THE EUROPEAN consortium bidding for a $87M Bangladeshi bridge project is in limbo after the Bangladeshi government failed to take up a Dutch-Swedish finance offer, which expired last month.
The deal has been on the table for over two years but is understood to have been snubbed in favour of a Kuwaiti offer which only emerged last year.
The 950m long bridge will span over the Karnaphuli River in Chittagong in south east Bangladesh as part of the Asian Highway connecting Bangladesh with Thailand.
UK bridge designer Benaim has already carried out $180,000 worth of work on a feasibility study and preliminary design with Dutch contractor HBG's international arm Interbeton and consultant Haskoning.
This work was commissioned by the Dutch-Swedish banks in 2002.
But Benaim technical director David Collings said that the Dutch-Swedish offer to finance the Karnaphulli Bridge expired in November after waiting two years for an official response.
'No European money has been rejected, but it hasn't been taken up yet, ' he said.
Benaim worked with contractor Nuttall, an HBG subsidiary, on the construction of the Bhairab bridge 80km north east of the capital Dhaka .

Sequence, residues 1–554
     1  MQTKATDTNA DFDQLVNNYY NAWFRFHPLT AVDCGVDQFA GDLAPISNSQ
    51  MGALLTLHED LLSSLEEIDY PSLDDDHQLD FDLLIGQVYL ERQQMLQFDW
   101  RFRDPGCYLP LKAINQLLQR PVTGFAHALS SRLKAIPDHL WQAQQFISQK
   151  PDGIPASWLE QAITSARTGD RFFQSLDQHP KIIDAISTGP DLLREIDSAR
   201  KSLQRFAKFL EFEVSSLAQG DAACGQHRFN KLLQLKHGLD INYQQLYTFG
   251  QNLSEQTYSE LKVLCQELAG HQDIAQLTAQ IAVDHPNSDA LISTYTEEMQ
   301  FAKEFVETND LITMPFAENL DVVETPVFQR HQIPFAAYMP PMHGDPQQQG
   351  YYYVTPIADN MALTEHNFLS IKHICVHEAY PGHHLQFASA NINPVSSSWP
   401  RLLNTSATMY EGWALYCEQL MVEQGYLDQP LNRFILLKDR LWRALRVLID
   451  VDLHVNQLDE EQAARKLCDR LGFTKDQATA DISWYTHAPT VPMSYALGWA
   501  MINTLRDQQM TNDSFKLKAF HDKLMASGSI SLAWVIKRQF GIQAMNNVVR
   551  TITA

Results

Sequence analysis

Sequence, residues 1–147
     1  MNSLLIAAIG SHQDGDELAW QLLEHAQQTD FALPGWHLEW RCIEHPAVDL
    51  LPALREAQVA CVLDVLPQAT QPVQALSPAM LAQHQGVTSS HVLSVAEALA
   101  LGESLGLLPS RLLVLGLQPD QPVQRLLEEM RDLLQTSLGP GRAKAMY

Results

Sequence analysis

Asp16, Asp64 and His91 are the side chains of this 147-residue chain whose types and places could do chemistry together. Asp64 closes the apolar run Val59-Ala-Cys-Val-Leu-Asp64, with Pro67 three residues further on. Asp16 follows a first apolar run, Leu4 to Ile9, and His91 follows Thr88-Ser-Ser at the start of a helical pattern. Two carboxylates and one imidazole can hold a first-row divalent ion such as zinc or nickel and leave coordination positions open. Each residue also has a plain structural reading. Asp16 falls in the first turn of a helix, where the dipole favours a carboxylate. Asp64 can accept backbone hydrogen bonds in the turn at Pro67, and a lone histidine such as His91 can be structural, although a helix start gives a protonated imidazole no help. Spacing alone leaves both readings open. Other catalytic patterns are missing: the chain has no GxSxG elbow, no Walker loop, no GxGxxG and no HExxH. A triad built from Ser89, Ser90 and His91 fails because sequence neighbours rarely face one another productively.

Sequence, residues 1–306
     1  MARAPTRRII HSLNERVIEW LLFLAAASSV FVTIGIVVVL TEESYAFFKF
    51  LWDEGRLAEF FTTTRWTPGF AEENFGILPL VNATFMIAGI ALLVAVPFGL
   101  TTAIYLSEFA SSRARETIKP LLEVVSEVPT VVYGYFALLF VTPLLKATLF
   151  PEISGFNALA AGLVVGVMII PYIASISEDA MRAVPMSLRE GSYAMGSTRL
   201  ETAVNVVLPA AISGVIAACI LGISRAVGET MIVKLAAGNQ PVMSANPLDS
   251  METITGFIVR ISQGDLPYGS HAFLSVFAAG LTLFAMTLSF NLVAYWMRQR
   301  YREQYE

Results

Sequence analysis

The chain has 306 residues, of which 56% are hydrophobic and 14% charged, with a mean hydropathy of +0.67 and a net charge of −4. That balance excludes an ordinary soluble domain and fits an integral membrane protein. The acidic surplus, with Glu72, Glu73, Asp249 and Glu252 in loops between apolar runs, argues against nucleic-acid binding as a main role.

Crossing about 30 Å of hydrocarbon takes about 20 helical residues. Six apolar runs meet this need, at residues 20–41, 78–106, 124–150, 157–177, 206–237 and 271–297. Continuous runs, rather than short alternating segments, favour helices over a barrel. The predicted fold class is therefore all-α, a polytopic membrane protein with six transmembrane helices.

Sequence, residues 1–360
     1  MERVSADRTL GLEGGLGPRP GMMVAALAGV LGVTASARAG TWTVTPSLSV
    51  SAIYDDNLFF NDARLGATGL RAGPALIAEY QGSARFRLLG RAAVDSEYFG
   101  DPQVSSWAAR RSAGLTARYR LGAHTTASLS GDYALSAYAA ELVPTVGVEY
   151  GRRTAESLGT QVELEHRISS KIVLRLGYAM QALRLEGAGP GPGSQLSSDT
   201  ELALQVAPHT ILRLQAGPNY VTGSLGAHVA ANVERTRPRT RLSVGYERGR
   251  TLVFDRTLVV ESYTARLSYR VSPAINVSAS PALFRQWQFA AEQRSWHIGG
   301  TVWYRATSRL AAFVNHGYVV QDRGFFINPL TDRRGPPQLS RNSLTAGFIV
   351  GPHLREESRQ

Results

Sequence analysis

'At the opening ceremony for Bhairab, the prime minister said that the third crossing over the Karnaphuli would be built by us with Dutch funding, ' said Collings.
Construction would be similar to the Bhairab bridge.
But in 2003 a new Kuwaiti finance deal emerged. It is thought that by offering cheaper, non European engineers the Kuwaiti deal could bring significant savings.
'There may be a difference in quality, but the savings can be substantial, ' said Collings.
A Bangladeshi High Commission spokesman said that the bridge would be part Kuwaiti funded but could not confirm whether the Dutch-Swedish offer would make up the rest.
An idea being mooted was that the bridge construction should be European funded but the road stretching to Thailand would be Kuwaiti funded.
A spokesman for contractor Interbeton said that it was still awaiting 'actions and decision from the Bangladeshi government' and was optimistic that the project would still o ahead.